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Testing of the ASUS ENGTX460 TOP will consist of running the card through the OverclockersClub.com suite of games and synthetic benchmarks. This will test the performance against many popular competitors. Comparisons will be made to cards of equal and greater capabilities to show where it falls on the performance ladder. The games used are some of today's newest and most popular titles to give you an idea on how the cards perform relative to each other. The system specifications will remain the same throughout the testing. No adjustment will be made to the respective control panels during the testing with the exception of the 3DMark Vantage testing where PhysX will be disabled in the NVIDIA control panel. I will test the card at stock speeds, then overclocked in order to see how much additional performance is available and to determine if it can run with the current fastest single GPU cards on the market. The drivers used in this test will be the 10.4 Catalyst drivers for ATI and 257.15 Forceware drivers from NVIDIA for the GTX 480, 470 and 465 while the GTX 460 gets the 258.96. Tests will be conducted at both stock and overclocked settings to gauge performance when an increase in clock speed is applied.


Comparison Video Cards:



Overclocked settings:

  • ASUS ENGTX460 900/1800/2095 MHz

When it came down to overclocking the ASUS ENGTX460, it was pretty straight forward as far as overclocking video cards go. I used the MSI Afterburner utility to manipulate my clock speeds. I started off by increasing the core clock by 50 MHz then running the Kombuster stress test to check for stability. Once the clock speeds passed, I then bumped the clock up by another 50 MHz. I continued this process until I reached 900MHz on the core, after that it became unstable. Once the core was stable, I started up on the memory clocks and I was able to get that all the way up to 2095MHz. These clocks were fully stable using the Kombuster stress test. However, once I began running some of the benchmarks, a few of them caused crashes. That problem was solved by raising the voltage by 75mV and I did not have a single problem from that point on. The core was able to get an additional 16% overclock and a 5% increase on the memory! These overclocked speeds are going to be an increase of 33% on the core and 16% on the memory over the standard GTX460 clock speeds.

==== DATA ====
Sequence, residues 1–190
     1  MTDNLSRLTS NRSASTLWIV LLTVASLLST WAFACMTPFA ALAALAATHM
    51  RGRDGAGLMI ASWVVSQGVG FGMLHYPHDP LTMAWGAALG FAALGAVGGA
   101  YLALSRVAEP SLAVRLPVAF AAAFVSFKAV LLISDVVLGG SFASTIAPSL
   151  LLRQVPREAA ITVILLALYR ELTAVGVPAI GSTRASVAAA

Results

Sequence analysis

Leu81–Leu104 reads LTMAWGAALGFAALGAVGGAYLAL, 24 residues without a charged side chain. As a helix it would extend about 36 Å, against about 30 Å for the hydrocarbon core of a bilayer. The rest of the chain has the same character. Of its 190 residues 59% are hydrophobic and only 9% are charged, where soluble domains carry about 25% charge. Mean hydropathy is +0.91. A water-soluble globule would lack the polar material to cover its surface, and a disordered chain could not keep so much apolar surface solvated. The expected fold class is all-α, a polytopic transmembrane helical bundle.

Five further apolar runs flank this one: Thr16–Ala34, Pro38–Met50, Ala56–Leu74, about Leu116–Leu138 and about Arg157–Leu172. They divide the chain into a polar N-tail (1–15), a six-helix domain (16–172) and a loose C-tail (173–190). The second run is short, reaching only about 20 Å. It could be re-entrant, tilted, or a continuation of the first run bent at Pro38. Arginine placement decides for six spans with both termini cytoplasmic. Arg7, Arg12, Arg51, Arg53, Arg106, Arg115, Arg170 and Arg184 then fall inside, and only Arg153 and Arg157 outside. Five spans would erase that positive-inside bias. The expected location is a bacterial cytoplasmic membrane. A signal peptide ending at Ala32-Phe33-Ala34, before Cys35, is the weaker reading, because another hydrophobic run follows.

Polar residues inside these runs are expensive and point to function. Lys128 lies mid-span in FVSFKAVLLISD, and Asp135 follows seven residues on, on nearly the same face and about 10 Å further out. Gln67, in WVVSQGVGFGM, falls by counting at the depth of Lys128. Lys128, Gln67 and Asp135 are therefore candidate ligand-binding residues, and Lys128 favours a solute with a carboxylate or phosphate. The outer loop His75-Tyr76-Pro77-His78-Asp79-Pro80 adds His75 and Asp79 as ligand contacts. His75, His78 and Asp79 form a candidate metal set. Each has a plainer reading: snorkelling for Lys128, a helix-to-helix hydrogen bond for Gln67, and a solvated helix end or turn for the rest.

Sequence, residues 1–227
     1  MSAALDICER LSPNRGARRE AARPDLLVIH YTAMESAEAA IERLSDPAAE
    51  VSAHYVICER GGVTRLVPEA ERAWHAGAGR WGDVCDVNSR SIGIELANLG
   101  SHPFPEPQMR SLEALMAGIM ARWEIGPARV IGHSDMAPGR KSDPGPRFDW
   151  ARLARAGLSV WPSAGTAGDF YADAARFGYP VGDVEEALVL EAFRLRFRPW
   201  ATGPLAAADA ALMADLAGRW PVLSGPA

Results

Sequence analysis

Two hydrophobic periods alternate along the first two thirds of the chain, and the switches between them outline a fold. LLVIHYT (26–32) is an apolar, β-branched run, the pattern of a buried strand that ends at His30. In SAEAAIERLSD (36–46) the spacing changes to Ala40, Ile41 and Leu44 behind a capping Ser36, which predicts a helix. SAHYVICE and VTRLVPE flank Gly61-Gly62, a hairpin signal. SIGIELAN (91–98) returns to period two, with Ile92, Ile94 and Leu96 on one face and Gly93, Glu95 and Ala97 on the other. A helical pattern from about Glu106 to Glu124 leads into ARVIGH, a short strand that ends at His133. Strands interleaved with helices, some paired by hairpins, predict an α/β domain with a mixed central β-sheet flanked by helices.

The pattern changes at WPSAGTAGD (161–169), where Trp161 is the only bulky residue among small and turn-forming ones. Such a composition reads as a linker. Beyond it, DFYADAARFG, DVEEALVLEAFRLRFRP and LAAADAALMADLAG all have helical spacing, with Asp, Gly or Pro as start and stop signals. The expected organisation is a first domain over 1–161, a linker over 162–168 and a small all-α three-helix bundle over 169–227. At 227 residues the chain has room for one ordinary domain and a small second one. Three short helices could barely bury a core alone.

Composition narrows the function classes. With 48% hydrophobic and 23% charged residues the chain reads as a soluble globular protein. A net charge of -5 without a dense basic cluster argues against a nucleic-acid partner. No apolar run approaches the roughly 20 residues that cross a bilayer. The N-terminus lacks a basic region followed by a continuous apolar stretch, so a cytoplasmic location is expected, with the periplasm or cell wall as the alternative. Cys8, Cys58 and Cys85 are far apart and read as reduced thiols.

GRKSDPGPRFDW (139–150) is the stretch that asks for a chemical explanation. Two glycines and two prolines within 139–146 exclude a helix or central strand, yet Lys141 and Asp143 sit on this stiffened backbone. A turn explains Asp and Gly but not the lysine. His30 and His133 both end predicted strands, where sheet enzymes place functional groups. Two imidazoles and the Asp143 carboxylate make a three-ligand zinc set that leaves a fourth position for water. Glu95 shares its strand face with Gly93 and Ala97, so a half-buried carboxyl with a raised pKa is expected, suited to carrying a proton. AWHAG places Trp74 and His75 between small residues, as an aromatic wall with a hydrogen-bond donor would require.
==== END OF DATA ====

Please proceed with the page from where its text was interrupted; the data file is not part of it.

Maximum Clock Speeds:

Each card has been tested for its maximum stable clock speeds using MSI's Kombuster utility. So far my testing has shown that higher clock speeds may be stable in games where GPU usage does not reach 100%, but will crash within a few minutes using this utility. The reported clock speeds are those that proved stable over a 15 minute test at 1920 x 1200 and 8x AA.



  • Gaming Tests:
  1. Far Cry 2
  2. Metro 2033
  3. Crysis Warhead
  4. Call of Duty Modern Warfare 2
  5. Darkest of Days
  6. Bioshock 2
  7. Just Cause 2
  8. Unigine Heaven Benchmark 2.0
  9. Batman: Arkham Asylum
  10. Resident Evil 5
  11. 3DMark 06 Professional
  12. 3DMark Vantage
  • Usage:
  1. Temperature
  2. Power Consumption

  1. Introduction & Closer Look
  2. Closer Look (The Video Card)
  3. Specifications & Features
  4. Testing: Setup, Overclocking
  5. Testing: Far Cry 2
  6. Testing: Metro 2033
  7. Testing: Crysis Warhead
  8. Testing: Call of Duty Modern Warfare 2
  9. Testing: Darkest of Days
  10. Testing: Bioshock 2
  11. Testing: Just Cause 2
  12. Testing: Unigine 2.1
  13. Testing: Batman Arkham Asylum
  14. Testing: Resident Evil 5
  15. Testing: 3DMark 06
  16. Testing: 3DMark Vantage
  17. Testing: Temperature
  18. Testing: Power Consumption
  19. Conclusion
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